Don’t have the work or education experience necessary to make the cut? Enroll in a weed training program. Completing an education program gives you the tools needed to succeed in this industry. Adding weed education to your resume isn’t required, but shows your passion and commitment to the patients.
For more information about online cannabis training in Rhode Island, checkout Cannabis Training University's budtender school.
Compassion Center Jobs
While the state only has three compassion centers at the moment, that may soon change. Pot shop jobs are highly competitive at the moment. Here are the jobs compassion centers in the state are looking to fill.
Budtenders, also known as member liaisons, provide exceptional customer service. As a budtender, you’ll provide one-on-one service to patients. It’s up to you to educate and advise patients in person or by phone. You’re in charge of keeping accurate records, assisting with inventory, and maintaining a clean environment for patients.
As a front desk office assistant, you’re responsible for checking in patients. It’s your job to make them feel welcome when they walk in. Front desk work involves many clerical duties including data entry, answering phone calls and emails, and sorting documents. Office assistants can work their way up to budtending and management roles.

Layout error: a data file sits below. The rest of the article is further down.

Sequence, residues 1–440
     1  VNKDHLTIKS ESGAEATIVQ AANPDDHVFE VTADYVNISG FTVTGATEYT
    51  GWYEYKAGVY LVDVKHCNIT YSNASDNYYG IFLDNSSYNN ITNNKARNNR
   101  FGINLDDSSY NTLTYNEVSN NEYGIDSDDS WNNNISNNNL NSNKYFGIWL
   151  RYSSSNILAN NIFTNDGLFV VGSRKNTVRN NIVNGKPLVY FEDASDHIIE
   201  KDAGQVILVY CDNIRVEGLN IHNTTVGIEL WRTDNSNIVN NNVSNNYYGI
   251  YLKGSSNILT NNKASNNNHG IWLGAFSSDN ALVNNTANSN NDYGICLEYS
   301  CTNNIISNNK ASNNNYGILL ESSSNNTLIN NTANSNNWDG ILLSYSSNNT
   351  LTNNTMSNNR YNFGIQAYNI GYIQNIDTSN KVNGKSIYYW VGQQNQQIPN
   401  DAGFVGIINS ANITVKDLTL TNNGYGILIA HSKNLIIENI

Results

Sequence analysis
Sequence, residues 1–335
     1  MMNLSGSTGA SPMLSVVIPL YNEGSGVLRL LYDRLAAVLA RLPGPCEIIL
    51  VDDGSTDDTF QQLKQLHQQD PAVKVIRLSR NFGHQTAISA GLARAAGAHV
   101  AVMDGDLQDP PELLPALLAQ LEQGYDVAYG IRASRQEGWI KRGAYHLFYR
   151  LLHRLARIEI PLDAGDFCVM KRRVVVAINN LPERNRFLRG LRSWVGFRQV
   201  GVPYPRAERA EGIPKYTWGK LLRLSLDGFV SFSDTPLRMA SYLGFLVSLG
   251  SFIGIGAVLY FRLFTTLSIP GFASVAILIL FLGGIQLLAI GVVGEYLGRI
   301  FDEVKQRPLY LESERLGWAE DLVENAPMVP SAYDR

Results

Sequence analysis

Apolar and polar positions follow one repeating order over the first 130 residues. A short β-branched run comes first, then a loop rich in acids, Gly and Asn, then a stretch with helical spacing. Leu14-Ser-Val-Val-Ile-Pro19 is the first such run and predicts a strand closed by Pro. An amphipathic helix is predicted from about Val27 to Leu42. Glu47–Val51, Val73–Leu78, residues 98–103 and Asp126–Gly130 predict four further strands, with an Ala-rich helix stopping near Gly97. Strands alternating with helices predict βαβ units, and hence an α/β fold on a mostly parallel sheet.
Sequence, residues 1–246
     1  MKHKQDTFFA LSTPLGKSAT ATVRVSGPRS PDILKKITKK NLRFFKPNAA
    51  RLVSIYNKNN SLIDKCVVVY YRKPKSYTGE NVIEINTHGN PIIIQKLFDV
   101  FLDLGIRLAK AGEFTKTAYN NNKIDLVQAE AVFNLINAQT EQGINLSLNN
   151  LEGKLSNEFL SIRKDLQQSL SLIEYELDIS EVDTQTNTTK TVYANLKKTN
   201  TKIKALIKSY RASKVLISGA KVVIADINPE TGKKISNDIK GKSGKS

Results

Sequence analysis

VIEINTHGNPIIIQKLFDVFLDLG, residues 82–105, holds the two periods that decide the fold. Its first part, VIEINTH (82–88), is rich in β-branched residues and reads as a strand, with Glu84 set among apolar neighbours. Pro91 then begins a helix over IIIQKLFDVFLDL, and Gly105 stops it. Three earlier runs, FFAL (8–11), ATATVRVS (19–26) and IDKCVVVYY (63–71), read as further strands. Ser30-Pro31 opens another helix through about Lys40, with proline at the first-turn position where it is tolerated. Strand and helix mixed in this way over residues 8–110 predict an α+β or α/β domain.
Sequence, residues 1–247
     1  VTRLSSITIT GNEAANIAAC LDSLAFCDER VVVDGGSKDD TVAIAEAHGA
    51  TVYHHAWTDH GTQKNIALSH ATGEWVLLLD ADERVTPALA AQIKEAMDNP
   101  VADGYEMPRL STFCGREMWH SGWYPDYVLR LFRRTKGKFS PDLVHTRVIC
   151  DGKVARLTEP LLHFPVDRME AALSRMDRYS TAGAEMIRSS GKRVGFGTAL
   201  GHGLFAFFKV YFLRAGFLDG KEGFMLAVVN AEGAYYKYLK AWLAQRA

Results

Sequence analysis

Security officers are in charge of protecting the inventory and personnel within a facility (including cultivation centers). The guards monitor for suspicious activity by walking the premises and checking security footage. Overall, a security guard ensures the patient has a safe shopping environment without worrying about anything but finding the right product.
The state has about 55 licensed medical pot cultivators. While the growing capacity is less than the demand (at the moment), that may soon change. Here are just some of the entry-level jobs in pot farming.
Weed trimmers help growers harvest buds after the growing season. Trimmers must quickly, delicately, and accurately manicure the buds and remove the leaves. Hand-trimming requires repetitive motions and standing/sitting for long periods of time. Trimmers can work their way up in the farming space to become an assistant grower or the master grower one day.
Assistant growers help head growers throughout the plant’s life cycle. From planting to harvesting, growers must ensure each plant is fed, watered, and trimmed appropriately. Growers must know the latest growing techniques to get big yields with tons of trichomes. Assistants are responsible for maintaining the facility clean.